2021 Tian Mu QingDing Tea [ShanLi Renjia Farm]
A light green tea with a crisp, fresh, pure taste & long lasting fragrance
In more Depth...
Tea Maker : Mr Lang Qi [the owner of the farm] guided by Master Lang Li Fang, an old tea maker of the Lang family.
Origin / Garden name and location : ShanLi Renjia Farm [meaning farm among the deep mountains] DongKeng village, Linan, zhejiang, China. The tea trees are planted in the Tianmu mountains in the naturally fine hollows between 600 and 1200 meters in altitude
Size of garden : 50 Mu（abt 3.5ha)
Harvest Time : Only every spring
Cultivar : Jiou Kang Qing Ti Zhong [meaning it originated from Jiou Kang mountain/valliage, which is the most widely planted tea cultivar in zhejiang province]
Grade : 2nd grade
Plucking standard : Hand plucking. One bud with one or three small leaves
Processing : 100% hand made, pan dried
Appearance : Tight knots slightly flat, shaped like a sparrow’s tongue. The leaf has distinct silvery hair, dark green colour and a slight sheen
Experience : A light green tea with a crisp, fresh, pure taste & long lasting fragrance
Taste: Crisp fresh and pure taste, long lasting fragrance
How to make Tian Mu QingDing Tea
Amount of tea per serving (200 ml): 2g (half tea caddy spoon / 1 teaspoon)
Temperature of water: 80℃ / 176℉ (boil kettle, cool for 2 minutes)
Infusion time: 1 - 1.5 minutes as desired
Number of infusions: 3
How to enjoy: No milk, no sugar
The People...Mr Lang, the owner of this small family garden is 32 years old and lives with his family, including his parents, his wife and son. The family lives on the farm, where they farm tea but also other local agricultural specialities, like Linan Pecan, local dried bambo shoots, as some poultry. The majority of their income comes from tea.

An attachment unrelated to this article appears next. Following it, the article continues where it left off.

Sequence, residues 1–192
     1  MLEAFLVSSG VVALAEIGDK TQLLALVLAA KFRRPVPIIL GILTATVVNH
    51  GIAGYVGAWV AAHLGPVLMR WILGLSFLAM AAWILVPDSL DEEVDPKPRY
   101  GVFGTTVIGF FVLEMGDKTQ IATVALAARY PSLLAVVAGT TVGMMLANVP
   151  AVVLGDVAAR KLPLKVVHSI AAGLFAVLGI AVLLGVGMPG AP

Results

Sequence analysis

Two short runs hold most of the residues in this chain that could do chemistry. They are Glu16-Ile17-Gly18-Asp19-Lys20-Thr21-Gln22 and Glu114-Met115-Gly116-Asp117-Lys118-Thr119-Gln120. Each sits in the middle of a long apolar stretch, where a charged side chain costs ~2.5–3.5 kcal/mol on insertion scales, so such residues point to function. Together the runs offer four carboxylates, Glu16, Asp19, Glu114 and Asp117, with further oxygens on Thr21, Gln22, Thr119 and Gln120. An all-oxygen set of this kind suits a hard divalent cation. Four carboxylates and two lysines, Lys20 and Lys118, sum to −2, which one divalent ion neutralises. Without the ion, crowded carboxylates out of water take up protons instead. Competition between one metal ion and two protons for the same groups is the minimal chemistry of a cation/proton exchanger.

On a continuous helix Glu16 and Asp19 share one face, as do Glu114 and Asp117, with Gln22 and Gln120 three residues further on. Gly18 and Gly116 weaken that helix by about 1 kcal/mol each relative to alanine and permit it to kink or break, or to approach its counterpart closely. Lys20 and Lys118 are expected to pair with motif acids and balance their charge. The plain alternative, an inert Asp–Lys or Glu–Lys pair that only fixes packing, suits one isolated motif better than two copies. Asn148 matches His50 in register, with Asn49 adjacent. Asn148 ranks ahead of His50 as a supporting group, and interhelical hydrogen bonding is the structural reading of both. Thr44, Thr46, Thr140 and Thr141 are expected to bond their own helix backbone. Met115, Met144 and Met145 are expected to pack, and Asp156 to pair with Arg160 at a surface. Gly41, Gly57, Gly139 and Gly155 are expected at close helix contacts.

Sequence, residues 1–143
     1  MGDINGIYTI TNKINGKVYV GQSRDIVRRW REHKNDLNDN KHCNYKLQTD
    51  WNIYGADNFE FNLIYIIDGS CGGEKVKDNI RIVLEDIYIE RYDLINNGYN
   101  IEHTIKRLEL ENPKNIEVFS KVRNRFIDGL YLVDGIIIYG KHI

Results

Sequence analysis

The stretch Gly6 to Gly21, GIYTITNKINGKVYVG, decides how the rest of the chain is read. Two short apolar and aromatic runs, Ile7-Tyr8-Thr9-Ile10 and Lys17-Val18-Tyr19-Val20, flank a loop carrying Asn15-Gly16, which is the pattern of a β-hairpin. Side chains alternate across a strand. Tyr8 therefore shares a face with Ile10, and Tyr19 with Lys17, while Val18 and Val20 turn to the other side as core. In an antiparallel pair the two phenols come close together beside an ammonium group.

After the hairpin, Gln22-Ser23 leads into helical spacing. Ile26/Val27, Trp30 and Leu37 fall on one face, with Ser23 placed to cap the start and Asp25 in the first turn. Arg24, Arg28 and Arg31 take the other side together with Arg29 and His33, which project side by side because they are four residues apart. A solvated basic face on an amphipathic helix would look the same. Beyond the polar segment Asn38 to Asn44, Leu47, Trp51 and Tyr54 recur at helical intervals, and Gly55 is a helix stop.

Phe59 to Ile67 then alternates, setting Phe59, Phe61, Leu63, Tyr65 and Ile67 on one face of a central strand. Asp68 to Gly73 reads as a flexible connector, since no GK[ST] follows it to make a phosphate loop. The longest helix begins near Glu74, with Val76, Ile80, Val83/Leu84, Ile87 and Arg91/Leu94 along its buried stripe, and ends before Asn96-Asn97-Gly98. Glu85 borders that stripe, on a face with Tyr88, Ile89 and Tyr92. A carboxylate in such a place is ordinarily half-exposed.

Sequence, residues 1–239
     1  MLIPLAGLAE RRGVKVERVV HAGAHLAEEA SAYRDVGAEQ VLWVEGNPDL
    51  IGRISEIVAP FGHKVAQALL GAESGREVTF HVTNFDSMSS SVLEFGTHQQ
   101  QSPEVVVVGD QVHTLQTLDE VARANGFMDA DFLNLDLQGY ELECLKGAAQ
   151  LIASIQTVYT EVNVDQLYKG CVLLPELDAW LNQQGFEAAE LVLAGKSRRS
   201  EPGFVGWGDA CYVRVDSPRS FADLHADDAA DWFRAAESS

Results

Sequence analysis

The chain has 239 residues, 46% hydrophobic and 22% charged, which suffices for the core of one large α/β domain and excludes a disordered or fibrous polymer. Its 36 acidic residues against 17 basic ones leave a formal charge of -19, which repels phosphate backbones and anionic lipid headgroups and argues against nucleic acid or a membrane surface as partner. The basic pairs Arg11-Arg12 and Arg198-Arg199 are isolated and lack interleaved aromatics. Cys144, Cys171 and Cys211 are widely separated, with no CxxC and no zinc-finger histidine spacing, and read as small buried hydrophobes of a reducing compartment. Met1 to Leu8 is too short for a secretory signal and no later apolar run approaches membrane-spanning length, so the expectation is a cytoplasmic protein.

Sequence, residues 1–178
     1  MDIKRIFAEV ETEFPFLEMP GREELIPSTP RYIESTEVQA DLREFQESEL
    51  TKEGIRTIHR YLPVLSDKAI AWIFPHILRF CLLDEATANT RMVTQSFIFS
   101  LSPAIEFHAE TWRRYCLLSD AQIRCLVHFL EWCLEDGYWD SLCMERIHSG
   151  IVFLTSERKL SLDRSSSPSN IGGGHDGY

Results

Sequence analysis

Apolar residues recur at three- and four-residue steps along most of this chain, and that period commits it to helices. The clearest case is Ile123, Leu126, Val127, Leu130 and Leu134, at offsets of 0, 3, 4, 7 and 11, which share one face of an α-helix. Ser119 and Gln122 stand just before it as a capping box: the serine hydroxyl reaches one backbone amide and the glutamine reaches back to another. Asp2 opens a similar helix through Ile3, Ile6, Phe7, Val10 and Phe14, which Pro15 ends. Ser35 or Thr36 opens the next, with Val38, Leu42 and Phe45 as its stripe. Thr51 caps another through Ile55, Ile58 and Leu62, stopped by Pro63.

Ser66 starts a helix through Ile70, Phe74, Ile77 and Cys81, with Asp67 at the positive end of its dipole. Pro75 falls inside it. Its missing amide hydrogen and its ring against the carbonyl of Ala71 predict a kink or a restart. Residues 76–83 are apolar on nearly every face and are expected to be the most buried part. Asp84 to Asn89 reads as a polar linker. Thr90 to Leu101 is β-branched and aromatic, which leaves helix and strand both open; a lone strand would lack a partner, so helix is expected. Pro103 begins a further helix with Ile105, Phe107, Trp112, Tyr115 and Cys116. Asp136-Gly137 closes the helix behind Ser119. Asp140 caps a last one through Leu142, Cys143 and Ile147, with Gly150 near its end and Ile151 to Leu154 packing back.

Mr Lang inherited the farm from his father after he married and learned garden management and processing of tea not only from his father, but also from another tea proccessing expert, Mr Lang Li Fang, a well known tea maker in their village.
The Land..The farm is in an village, where the local goverment has been guiding all local farms to organic agriculture, especially on tea, because of the good environment.
The farm used to sell their leaf into a much larger organic operation and experts from IMO, BCS, ETC guided them on the conversion from conventional management up to organic for the vegetation, tea plantation, tea processing etc. Although they no longer receive guidance Mr Lang keeps the natural organic approach to management and processing tea. They never use pesticides or chemical fertilizer. To rid the plot of pests they raise poultry(chickens), and cut all tea trees as early immediately at the end of April,once they finish plucking because the local temperature becomes higher and insects/pests would come if they didn't carry out the heavy cutting. They use some seed cakes during the winter.
With regards to soil management the vegetation and the tea trees are not 'over cultivated' so the original ecology of the area is preserved. This is why the tea trees appear almost 'wild' - perhaps not looking as beautiful as other gardens but producing wonderful flavourful tea. The Long Jing is plucked by hand and not machine.
Certification : Mr Lang has high hopes for his tea but like many other small farmers in China cannot afford the heavy certification costs for the small volumes that they sell. So he keeps organic management and organic processing and calls his farm 'natural organic'